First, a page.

Since 2000 Gold has served as president of the non-profit institute, Jerusalem Center for Public Affairs. From 2001 to 2003, Gold served as an adviser to Israeli Prime Minister Ariel Sharon, most notably at the Aqaba Summit with President George W. Bush. During this period, Gold regularly appeared on US network television programs on behalf of the Sharon government, including Meet the Press, The Today Show, CNN's Late Edition, as well as on Fox and Friends. In July 2003, Gold testified as an expert before the U.S. Senate Committee on Governmental Affairs on Saudi Arabia's alleged role in providing ideological and financial support for international terrorism.

Since 2006, Gold led an international effort by the Jerusalem Center for Public Affairs to advocate that UN member states take legal measures against President Mahmoud Ahmadinejad of Iran on grounds that he violated the anti-incitement clauses of the 1948 Genocide Convention, with his repeated statements about "wiping Israel off the map." Gold led a delegation to a conference held jointly with the Conference of Presidents of Major American Jewish Organizations at the New York County Bar Association on December 14, 2006. Speakers included former Canadian Justice Minister Irwin Cotler, Prof. Alan Dershowitz of Harvard Law School, and the US ambassador to the UN John Bolton. Senator Hillary Clinton sent a letter of support to the conference.

Gold led an Israeli delegation to a second conference at the British House of Commons on January 25, 2007 which was chaired by Lord David Trimble and supported by members of the British Labour Party and the Conservative Party. Former Israeli Prime Minister Benjamin Netanyahu joined the Israeli team. As a result of this effort, over 60 members of the House of Commons called for the indictment of Ahmadinejad. A third event organized by Gold and the International Association of Genocide Scholars was held on September 23, 2008 in Washington D.C. Speaking at the third conference was Ambassador Richard Holbrooke, former US ambassador to the UN, as well as Salih Mahmoud Osman, a member of the Sudanese Parliament and advocate for human rights in Darfur.[13]



  • The Rise of Nuclear Iran: How Tehran Defies the West (Regnery, 2009). ISBN 1-59698-571-2
  • The Fight for Jerusalem: Radical Islam, the West, and the Future of the Holy City (ISBN 0786147849 / Publisher: Regnery, Blackstone Audiobooks / Date: Jan 2007)
  • Tower of Babble: How the United Nations Has Fueled Global Chaos (Crown Forum, November, 2004). ISBN 1-4000-5475-3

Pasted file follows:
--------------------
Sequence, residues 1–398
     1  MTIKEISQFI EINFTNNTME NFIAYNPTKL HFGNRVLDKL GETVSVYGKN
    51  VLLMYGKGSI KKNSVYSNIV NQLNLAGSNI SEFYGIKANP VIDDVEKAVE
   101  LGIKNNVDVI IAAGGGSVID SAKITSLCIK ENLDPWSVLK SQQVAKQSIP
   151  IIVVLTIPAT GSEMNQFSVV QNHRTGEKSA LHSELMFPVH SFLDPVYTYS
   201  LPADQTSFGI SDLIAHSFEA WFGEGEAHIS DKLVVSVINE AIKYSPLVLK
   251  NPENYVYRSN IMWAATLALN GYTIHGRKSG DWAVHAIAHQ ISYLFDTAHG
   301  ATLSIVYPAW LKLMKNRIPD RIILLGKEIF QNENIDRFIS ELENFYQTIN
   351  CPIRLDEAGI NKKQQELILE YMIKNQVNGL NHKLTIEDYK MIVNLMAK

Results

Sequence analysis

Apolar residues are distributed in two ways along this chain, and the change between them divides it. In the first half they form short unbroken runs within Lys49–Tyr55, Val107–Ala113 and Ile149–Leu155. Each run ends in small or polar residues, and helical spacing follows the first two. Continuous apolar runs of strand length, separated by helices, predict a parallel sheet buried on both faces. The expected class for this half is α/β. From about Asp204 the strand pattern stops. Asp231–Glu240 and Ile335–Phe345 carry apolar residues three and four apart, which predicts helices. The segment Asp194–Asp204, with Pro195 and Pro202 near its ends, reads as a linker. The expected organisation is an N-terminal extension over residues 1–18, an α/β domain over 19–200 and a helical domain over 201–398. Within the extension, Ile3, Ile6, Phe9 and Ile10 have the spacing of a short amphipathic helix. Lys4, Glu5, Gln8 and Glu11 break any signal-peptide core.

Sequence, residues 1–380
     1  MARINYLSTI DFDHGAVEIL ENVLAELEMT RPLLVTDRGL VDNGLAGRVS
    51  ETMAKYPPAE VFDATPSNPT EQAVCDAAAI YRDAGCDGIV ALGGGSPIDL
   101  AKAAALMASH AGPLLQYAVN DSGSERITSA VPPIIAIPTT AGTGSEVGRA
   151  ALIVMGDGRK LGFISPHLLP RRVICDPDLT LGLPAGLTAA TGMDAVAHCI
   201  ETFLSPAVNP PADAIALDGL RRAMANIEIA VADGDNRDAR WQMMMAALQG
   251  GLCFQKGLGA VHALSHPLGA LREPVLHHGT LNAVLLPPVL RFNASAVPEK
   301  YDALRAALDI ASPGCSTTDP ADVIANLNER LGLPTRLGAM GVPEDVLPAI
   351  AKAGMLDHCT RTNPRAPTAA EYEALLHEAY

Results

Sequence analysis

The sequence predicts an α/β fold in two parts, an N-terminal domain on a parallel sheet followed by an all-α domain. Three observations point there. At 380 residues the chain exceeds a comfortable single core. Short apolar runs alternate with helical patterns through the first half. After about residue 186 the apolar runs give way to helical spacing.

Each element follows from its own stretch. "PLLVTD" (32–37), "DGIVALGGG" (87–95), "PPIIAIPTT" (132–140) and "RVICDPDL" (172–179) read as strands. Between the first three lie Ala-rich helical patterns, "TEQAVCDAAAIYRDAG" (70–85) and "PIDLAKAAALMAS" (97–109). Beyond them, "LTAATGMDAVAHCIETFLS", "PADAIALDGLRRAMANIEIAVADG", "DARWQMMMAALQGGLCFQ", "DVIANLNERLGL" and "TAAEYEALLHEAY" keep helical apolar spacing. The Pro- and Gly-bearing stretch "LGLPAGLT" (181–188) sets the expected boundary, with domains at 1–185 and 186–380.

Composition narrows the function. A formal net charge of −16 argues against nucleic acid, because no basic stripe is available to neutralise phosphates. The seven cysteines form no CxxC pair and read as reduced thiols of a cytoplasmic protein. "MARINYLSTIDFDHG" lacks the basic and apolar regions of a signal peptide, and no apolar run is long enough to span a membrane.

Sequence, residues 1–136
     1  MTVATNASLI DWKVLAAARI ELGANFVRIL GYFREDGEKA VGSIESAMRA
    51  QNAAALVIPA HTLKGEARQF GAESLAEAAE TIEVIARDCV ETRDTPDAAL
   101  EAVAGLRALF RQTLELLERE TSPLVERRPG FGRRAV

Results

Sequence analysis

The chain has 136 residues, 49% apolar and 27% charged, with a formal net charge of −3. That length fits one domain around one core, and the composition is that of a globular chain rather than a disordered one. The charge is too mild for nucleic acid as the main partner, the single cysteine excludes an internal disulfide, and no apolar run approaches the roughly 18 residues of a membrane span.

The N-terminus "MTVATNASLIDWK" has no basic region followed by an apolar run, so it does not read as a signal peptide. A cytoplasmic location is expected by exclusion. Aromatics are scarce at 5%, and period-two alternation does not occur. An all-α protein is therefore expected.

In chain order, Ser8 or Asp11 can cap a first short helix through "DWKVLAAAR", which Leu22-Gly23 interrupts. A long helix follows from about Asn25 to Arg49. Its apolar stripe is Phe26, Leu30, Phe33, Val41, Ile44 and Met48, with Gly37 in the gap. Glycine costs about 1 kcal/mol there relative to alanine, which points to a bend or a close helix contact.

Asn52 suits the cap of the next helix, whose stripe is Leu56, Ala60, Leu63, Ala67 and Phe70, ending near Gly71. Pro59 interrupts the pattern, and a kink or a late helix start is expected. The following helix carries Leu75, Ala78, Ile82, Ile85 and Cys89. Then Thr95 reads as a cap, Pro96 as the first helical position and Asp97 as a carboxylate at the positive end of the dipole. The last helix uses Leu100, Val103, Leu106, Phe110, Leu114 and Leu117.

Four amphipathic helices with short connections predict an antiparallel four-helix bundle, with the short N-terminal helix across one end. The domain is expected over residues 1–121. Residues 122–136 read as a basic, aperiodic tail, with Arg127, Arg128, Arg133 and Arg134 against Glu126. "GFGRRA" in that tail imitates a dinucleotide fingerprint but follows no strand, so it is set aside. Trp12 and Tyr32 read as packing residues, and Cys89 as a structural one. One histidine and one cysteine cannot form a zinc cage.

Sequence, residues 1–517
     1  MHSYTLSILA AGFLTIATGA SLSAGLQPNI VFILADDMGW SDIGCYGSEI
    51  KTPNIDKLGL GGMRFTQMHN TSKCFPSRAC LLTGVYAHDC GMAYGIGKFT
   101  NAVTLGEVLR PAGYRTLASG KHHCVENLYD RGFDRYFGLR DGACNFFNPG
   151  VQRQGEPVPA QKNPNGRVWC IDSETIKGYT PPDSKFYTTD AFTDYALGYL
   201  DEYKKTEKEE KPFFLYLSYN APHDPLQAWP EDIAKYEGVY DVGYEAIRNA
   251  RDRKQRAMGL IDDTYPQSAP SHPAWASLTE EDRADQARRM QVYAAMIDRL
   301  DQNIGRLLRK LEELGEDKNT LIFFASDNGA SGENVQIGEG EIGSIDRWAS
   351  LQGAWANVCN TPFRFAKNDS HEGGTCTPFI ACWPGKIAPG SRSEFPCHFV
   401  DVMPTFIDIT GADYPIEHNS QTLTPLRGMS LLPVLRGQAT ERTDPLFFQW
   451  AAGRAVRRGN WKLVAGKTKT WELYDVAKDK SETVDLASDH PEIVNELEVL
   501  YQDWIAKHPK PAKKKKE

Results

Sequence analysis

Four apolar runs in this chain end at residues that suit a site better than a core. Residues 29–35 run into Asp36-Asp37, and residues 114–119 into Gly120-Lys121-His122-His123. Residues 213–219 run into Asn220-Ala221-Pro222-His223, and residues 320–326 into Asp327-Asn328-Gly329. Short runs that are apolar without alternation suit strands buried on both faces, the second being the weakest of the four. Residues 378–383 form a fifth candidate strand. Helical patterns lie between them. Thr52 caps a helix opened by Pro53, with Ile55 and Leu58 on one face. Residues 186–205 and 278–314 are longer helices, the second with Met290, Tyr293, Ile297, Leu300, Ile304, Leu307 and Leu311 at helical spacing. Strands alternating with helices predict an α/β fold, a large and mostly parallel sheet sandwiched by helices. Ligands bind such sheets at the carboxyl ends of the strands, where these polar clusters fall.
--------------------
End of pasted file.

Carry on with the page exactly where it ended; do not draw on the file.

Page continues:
• Hatred's Kingdom: How Saudi Arabia Supports the New Global Terrorism (Regnery, 2003). ISBN 0-89526-135-9
  • American Military Strategy in the Middle East: The Implications of the US Regional Command Structure (CENTCOM) For Israel (Tel Aviv: Ministry of Defense Publications), 1993.
  • Israel as an American Non-NATO Ally: Parameters of Defense and Industrial Cooperation (Boulder: Westview Press), 1992.

Selected articles[edit]


  1. ^ a b "Dore Gold Articles". Jerusalem Center For Public Affairs.
  2. ^ "".
  3. ^ "Dore Gold". Jewish Virtual Library. Retrieved 2011-11-29.
  4. ^ David E. Long (September 12, 2003). "What Is Wahhabism?". Haaretz.
  5. ^ "Dore Gold: Conservative Articles". Human Events. Retrieved 2011-11-29.
  6. ^ UN Docs Chronological Review of Events June 1996 Archived September 29, 2008, at the Wayback Machine
  7. ^ Barry Rubin; Judith Colp Rubin (2005). Yasir Arafat: A Political Biography. Oxford University Press. p. 175. ISBN 978-0-19-518127-2. Retrieved 29 November 2011.
  8. ^ Dennis Ross (2005). The missing peace: the inside story of the fight for Middle East peace. Macmillan. p. 263. ISBN 978-0-374-52980-2. Retrieved 29 November 2011.
  9. ^ Charles Enderlin (2003). Shattered dreams: the failure of the peace process in the Middle East, 1995-2002. Other Press, LLC. pp. 47–49. ISBN 978-1-59051-060-5. Retrieved 29 November 2011.
  10. ^ Maariv, December 31, 1999
  11. ^ "Dore Gold to join Netanyahu's team as an adviser". The Times of Israel. 26 December 2013. Retrieved 26 December 2013.
  12. ^ "Dore Gold Resigns as Director-General of the MFA". 13 October 2016. Retrieved 13 October 2016.
  13. ^ "International Association of Genocide Scholars (PDF)" (PDF). Archived from the original (PDF) on October 9, 2010.

External links[edit]